When is a document accessible? And what does that actually mean?

When talk turns to accessibility, the first thing we think of might be structural solutions like ramps and elevators. However, accessibility is about making sure everyone can get through all the scenarios they encounter in daily life without any limitations. Daily collaboration is part and parcel of that. So how can you ensure your Word documents, PowerPoint presentations and Excel worksheets are accessible?

Microsoft helps you create accessible documents with its Accessibility Checker.

What exactly does this handy function check? Which requirements does a document need to meet before it can be classed as accessible? In this guide, we provide an overview of the most important aspects.

Microsoft’s accessibility notifications differ according to the severity of the problems. There are “errors”, “warnings” and “tips”. Today, we’re going to take a closer look at errors.

Case 1

Scenario 1: Non-text content does not have alternative text

When a screen reader is used, all objects are read out. Naturally, this is not a problem for text-only documents. However, when images are used, descriptive alternative text should be added so that the content of the image can also be conveyed by the screen reader. This is relevant for Excel, PowerPoint, Word, Outlook, OneNote and Visio.

Case 2

Scenario 2: A table does not have a header or a column header has not been specified

Every table should provide information in a column header, such as helpful titles that make it easier to understand the table. Titles in the column header are also read out by screen readers, for example. In addition, headers are used to indicate the current position of the cursor within the table, which makes it easier to navigate the document. This is relevant for Excel, PowerPoint, Word, Outlook and OneNote.

Case 3

Scenario 3: Sections do not have meaningful names

In a PowerPoint presentation, all the sections should be named to ensure there are no generic names in the file, such as “Unnamed section” or “Section 3”. This makes it easier to navigate the thumbnails that are shown in the Slide Sorter view and the Grid View. This is relevant for PowerPoint.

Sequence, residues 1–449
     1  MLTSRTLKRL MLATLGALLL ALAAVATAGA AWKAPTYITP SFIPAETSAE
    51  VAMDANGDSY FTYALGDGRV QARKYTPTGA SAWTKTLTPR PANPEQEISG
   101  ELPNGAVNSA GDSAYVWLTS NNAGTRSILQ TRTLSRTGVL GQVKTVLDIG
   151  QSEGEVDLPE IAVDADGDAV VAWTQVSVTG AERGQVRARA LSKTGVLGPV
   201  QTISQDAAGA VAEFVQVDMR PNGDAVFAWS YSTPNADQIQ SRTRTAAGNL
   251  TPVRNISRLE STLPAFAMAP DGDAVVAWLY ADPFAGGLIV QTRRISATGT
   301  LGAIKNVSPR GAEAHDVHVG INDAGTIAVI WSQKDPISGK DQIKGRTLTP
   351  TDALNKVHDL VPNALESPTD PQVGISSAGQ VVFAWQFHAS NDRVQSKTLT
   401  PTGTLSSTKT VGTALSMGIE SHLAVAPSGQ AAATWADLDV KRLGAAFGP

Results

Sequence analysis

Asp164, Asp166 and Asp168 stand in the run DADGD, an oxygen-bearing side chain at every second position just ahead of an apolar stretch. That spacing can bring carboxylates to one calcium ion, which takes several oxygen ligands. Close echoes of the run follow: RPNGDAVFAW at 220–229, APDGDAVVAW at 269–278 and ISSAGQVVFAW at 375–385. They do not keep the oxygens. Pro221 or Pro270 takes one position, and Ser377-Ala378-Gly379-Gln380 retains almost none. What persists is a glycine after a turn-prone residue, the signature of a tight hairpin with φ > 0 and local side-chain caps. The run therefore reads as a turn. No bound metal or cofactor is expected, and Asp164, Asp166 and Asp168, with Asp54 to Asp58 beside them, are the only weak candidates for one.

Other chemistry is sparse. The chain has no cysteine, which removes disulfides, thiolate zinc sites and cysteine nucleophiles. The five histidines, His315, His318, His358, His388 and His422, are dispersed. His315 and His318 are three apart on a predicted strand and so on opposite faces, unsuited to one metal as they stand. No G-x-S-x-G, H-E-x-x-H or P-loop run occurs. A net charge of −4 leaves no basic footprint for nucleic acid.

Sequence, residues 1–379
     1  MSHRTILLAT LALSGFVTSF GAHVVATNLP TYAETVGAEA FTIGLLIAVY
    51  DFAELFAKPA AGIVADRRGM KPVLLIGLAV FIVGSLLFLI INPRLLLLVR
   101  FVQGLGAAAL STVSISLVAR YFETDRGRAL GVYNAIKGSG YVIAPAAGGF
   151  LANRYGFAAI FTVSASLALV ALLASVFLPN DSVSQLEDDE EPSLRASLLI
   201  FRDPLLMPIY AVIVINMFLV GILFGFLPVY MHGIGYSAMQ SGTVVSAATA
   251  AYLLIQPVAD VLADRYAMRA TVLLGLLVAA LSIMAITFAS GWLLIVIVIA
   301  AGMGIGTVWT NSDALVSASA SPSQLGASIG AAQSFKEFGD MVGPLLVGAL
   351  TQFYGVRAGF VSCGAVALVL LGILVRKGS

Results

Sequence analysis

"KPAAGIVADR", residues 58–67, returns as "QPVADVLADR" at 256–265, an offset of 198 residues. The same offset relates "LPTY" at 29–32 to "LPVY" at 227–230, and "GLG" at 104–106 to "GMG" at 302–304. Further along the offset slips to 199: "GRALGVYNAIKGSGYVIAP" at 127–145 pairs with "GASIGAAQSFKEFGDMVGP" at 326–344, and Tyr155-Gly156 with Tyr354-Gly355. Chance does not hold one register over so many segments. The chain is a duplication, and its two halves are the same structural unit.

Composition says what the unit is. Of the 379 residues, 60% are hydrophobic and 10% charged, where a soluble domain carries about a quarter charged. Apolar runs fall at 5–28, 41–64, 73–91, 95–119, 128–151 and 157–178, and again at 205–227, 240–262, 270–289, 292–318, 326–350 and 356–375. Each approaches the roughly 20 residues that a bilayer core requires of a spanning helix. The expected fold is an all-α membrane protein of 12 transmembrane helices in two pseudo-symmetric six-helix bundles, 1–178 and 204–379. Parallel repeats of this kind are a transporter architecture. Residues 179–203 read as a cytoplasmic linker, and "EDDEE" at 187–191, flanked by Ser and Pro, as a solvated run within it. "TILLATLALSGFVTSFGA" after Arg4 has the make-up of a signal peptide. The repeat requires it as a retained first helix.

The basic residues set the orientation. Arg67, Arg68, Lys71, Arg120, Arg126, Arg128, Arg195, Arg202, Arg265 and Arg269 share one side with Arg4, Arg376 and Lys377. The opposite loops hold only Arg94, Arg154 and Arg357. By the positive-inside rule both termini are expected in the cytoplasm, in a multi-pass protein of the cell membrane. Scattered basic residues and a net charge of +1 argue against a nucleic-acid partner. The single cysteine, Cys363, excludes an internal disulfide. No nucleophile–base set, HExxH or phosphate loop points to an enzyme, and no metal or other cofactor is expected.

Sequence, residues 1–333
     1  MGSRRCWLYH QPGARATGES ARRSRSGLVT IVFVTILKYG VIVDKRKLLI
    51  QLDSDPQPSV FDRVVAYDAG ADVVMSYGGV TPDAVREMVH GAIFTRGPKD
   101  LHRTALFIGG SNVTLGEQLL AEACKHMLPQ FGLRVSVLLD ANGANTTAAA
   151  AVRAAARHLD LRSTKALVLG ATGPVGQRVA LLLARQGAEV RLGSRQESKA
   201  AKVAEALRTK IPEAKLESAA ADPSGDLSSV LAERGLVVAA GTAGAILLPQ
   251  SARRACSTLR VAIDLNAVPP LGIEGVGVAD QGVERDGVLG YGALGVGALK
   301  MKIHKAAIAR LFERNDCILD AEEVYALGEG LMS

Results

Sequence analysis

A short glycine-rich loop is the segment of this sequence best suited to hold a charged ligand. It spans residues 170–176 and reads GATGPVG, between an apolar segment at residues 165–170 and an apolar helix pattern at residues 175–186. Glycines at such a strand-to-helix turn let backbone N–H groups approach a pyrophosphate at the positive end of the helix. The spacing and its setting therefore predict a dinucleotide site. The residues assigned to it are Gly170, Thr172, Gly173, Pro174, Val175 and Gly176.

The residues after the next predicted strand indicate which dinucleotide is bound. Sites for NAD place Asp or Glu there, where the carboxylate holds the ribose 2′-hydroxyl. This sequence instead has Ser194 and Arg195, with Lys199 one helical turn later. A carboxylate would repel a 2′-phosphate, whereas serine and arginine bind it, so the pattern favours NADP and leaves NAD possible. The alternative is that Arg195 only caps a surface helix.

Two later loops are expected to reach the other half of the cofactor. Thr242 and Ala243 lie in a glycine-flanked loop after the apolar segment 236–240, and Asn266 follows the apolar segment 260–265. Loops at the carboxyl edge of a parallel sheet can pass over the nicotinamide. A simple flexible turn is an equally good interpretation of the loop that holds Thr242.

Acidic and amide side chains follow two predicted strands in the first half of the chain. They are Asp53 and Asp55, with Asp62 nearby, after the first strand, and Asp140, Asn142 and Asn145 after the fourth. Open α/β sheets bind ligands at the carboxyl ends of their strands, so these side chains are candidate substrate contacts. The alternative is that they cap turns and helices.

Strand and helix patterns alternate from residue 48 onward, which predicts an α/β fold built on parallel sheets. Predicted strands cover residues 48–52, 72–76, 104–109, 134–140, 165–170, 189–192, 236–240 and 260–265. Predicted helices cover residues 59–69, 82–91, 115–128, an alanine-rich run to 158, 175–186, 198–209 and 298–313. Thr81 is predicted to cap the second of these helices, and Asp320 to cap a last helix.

Case 4

Scenario 4: A slide does not have a title

In the same way as all sections need a title, all slides should have a title, too. This makes it much easier to navigate the PowerPoint presentation.

Case 5

Scenario 5: Cells in an Excel worksheet use red-only formatting for negative numbers

If cells in an Excel worksheet have been formatted so that the only way of identifying numbers as negative values is by showing them in red, this can be problematic for users who have difficulty seeing colors. There is no other way for them to tell whether a value is positive or negative.

Case 6

Scenario 6: An image or object is not in line with text.

If images or objects are not positioned in line with text in Word, interaction with screen readers can be made difficult. It is also harder to make out the relationship between images and text.

What you should look out for yourself

Besides the aspects outlined above, there are other issues that Microsoft can’t pick up on and which you should therefore take care to look for yourself.

For example, the checker can’t tell when information is being communicated purely by using different colors. It’s important to make sure colors are only used in a supporting role.

Subtitles are becoming increasingly popular in social media because short videos are usually watched with no sound. If, for example, you are working in a PowerPoint presentation with a video that has subtitles, you might find that the Accessibility Checker tells you the video has no subtitles. This is because Microsoft can’t recognize permanent subtitles that have been incorporated into the video before it was embedded into the presentation. You can therefore ignore this notification.

You can find a list of all the rules for the Microsoft Accessibility Checker here.

We have bundled this and other functions related to accessibility with our monthly Microsoft 365 hacks so you can work through them step by step.

We would be happy to answer any questions you may have about Microsoft 365 by email. Simply send your queries to: MS-Empowerment@tt-s.com.